Fifehan Osinkanlu describes herself as a very spirited person, who is also committed and loyal to the things that she believes in. She likes to balance her hard work with play and this reflects in the work paths she naturally gravitates towards.

Osikanlu is the founder of Eden Venture Group, a social enterprise focused on developing, supporting and empowering underserved and underrepresented demographies in emerging economies. The Amazon alum spent over ten years helping startups secure funding in the private equity space before she pivoted to social impact, where her heart had always been.

Osikanlu’s work at Eden is partly focused on leveraging online communities and networks to facilitate projects around social impact. The Eden team organises physical and virtual events with themes that cut across women’s empowerment and the growth of the creative industry.

I caught up with Fifehan for Centre Stage, and we discussed her passions, current projects and her vision for the future.

Impact and profit do not have to be mutually exclusive.

Fifehan Osikanlu: Eden Venture Group was founded out of the desire to create a space for social entrepreneurs and people passionate about social impact. A space where they can feel safe, and access the resources, capacity development, and advisory services that they need. From my experience working in the venture capital and private equity space, I found that a lot of people, especially creatives, were left out and not really taken seriously. There’s the wrong perception that their work won’t bring in profit and I just wanted to challenge that. I was interested in impact, and I think that both don’t have to be mutually exclusive. We can make a profit from impact-driven projects, and this is what I set out to do.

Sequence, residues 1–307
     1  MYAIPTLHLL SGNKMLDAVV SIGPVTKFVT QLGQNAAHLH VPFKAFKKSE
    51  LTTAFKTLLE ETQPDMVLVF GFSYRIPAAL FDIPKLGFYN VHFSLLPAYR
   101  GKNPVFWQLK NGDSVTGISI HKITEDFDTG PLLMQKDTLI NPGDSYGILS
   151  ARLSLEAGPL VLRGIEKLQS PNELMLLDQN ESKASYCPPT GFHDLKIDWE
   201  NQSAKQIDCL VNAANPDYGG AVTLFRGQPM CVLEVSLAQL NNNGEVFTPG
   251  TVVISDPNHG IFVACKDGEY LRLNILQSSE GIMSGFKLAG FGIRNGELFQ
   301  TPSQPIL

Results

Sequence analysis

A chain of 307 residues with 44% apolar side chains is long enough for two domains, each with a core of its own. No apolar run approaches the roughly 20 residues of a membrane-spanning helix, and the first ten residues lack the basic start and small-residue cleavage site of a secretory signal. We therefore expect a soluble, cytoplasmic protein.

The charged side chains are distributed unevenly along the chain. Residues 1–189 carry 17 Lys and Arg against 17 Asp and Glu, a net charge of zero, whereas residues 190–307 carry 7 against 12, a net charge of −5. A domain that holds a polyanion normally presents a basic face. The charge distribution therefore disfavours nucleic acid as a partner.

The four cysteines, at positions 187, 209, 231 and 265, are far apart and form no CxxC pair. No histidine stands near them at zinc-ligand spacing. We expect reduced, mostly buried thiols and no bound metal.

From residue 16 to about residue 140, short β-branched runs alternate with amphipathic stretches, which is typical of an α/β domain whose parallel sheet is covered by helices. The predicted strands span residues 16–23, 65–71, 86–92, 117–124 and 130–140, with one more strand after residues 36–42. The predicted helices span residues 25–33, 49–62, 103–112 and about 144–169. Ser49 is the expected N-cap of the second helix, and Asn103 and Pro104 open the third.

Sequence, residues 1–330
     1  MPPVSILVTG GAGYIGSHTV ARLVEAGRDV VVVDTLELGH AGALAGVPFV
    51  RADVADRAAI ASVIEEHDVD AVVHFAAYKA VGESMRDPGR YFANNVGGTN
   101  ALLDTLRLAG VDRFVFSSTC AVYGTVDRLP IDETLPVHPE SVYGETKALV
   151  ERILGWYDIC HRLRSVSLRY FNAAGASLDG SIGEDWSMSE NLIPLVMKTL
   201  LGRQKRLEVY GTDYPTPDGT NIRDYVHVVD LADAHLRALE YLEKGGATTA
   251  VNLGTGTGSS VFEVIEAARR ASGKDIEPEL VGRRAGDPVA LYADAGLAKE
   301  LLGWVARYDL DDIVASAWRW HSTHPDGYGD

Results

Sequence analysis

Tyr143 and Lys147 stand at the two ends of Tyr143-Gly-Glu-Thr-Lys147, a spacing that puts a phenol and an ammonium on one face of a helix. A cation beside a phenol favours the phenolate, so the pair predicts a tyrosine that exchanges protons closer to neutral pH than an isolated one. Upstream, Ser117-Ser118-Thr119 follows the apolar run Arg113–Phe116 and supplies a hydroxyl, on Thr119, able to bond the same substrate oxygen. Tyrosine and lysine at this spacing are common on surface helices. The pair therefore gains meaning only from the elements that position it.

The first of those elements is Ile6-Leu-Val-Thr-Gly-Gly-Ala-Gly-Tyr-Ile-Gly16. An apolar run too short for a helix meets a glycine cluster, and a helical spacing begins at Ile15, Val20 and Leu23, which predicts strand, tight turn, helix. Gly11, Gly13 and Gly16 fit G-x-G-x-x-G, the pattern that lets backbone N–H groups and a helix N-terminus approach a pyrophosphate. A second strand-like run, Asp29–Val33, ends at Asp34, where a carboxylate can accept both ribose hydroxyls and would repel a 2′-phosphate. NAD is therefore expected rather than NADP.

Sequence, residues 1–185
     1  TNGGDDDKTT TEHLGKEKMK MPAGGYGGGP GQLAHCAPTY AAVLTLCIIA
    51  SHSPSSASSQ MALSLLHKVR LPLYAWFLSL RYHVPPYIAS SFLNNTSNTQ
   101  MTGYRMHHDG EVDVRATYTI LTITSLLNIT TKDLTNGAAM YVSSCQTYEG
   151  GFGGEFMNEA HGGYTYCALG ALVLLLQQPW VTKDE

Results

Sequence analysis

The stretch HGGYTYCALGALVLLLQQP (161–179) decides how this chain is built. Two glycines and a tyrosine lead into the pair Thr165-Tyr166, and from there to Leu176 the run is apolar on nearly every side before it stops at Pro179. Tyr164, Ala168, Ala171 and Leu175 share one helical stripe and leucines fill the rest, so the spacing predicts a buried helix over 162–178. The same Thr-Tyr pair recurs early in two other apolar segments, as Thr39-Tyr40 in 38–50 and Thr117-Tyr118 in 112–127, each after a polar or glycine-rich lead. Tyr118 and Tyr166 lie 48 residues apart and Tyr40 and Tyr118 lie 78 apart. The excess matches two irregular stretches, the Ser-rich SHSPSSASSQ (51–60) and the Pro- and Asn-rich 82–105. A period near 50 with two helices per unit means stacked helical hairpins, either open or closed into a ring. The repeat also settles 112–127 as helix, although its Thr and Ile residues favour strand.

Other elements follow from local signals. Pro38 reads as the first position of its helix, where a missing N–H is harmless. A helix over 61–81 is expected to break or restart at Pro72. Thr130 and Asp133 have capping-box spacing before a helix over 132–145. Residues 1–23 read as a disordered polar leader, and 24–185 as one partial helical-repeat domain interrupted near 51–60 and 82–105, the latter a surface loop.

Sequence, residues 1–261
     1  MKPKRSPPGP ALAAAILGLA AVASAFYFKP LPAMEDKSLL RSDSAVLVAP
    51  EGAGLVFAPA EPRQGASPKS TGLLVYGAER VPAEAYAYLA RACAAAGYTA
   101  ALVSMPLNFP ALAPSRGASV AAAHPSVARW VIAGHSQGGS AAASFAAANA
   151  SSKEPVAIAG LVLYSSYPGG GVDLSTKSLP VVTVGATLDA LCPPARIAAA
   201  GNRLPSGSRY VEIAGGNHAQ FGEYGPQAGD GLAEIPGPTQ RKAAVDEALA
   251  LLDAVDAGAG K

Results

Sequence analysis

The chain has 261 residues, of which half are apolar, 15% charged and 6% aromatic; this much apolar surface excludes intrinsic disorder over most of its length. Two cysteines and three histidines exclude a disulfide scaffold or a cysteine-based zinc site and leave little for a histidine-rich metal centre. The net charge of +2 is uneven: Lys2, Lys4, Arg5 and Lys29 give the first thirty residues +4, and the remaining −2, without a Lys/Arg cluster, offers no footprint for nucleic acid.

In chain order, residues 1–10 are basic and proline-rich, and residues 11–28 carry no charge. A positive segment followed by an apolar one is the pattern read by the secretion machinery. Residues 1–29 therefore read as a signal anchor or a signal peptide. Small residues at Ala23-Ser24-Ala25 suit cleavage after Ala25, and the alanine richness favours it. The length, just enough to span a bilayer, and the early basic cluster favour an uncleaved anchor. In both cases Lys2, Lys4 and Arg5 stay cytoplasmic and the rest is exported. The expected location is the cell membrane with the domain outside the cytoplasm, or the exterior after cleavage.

FO: #WEECREATE Africa came from my own personal observations of the market. In my previous role working in private equity and the VC space, I realised that most people, especially in the finance space, did not really understand the language of creatives, or even the language of women. Men are dominant in these workspaces, and there was just no communication. After I left the private equity space, I found myself working in the creative and entertainment industry and I realised that the same thing was happening. This just made me realise that we had to address it. I believe that we need to give women and creatives the tools to thrive.

I worked on a project focused on gender equality with the Bill and Melinda Gates Foundation, and because of that, I was able to get myself embedded in the advocacy for women’s space. What we’ve been doing with that project is essentially working with influencers and celebrities with large platforms as well as NGOs to shift the mindset around critical issues pertaining to gender equality in Nigeria and Kenya. Before that, I had done some work with women and creatives, and it occurred to me that it was a good time to bring back my idea. So I went back to the drawing board and reworked the idea to include a lot of context around what’s going on in today’s world.

On the role of the digital space in empowering women

FO: Helping women access digital tools is one of the most important things we need to focus on. The internet is a valuable source of community and information which we can leverage in order to get more women empowered. Technology can open up pathways to empowerment for girls and it’s important that we pay attention to that. At Eden Venture Group, we use the internet to foster community, which is an essential feature of empowerment. Being able to find your tribe online is empowerment. Being able to access the internet is empowering. Being able to show up on the internet as authentically as possible is empowering. We need to help women stay safe online —the information is there, but our work is to make it easier and more accessible to women. Women’s voices need to be heard on the internet and we need to be included in various online spaces.